The government has been urged to act after two schools were bombed and leaflets distributed to tribal people by a militant group in North Waziristan.
Human rights groups are calling for government action after attacks on girls' schools and threats to families.
Bombs were set off at two middle schools in the North Waziristan region last week. The main building was damaged in one attack in Mir Ali and a boundary wall in the other three days later in Hassokhel.
Residents said leaflets distributed by a militant group demanded that girls' schools be shut down. One read: “We warn all tribal people to stop sending their grown-up girls to schools. We will not tolerate it.”
The Human Rights Commission of Pakistan (HRCP) has demanded the government investigate the attacks in the Mirali district of North Waziristan - part of the Federally Administered Tribal Areas.
It said: "The commission is appalled to learn that residents are being threatened openly for sending their daughters to school.
"The state is constitutionally and morally obliged to ensure that every child in Pakistan can attend school - no individual or group has any right to prevent this."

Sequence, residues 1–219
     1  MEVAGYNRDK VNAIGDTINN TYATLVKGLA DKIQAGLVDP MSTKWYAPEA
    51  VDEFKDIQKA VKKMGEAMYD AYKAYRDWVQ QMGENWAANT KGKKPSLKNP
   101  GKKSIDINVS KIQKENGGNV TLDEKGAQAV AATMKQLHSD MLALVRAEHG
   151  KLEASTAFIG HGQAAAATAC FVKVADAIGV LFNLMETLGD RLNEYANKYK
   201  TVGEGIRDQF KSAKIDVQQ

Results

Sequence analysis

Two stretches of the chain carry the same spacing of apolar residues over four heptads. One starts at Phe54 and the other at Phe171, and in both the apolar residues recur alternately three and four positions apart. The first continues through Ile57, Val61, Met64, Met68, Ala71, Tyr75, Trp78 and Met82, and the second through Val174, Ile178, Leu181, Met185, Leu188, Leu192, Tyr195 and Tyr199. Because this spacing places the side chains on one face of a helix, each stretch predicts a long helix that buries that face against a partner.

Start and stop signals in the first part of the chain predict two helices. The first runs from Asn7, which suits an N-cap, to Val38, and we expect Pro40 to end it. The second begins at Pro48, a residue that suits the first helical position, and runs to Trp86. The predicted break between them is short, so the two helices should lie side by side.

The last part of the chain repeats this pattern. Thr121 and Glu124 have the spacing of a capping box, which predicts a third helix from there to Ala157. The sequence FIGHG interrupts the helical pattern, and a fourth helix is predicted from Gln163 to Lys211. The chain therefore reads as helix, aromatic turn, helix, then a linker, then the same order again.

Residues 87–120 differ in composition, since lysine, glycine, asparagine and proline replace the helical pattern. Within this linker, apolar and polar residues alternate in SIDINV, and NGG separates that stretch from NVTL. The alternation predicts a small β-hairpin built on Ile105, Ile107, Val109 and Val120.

Human Rights Watch also called for action from the national government after the attacks. The organisation said it has documented government failures to prevent attacks on education.
Saroop Ijaz - a lawyer employed by Human Rights Watch in Pakistan - said: "The Pakistani government does not collect proper data on school attacks, so there is no monitoring to ensure that damaged school buildings are repaired or rebuilt," it said.
"Perhaps more importantly, there are no systems to help traumatised students and staff who survive school attacks but struggle to cope in the aftermath."
Schools are supposed to be safe spaces where children can learn and feel secure with their peers.
But hundreds of schools and universities have been attacked in Pakistan in recent years. The Education Under Attack 2018 report - which covers the period 2013 to 2017 and was released last week - said about a third were on girls' schools.
More than 110 girls' schools have been destroyed in the Federally Administered Tribal Areas in the past 10 years, according to government estimates.
There is a growing global acceptance that schools and universities must be protected as safe spaces. But Pakistan has yet to sign Safe Schools Declaration - a commitment to protect education and stop military use of schools.
So far 74 nations have signed. Theirworld has been campaigning for the world's most powerful nations, the permanent members of the United Nations Security Council, to add their names.
France was the first to do so and was joined last month by the United Kingdom. But the United States, Russia and China have still not backed the declaration.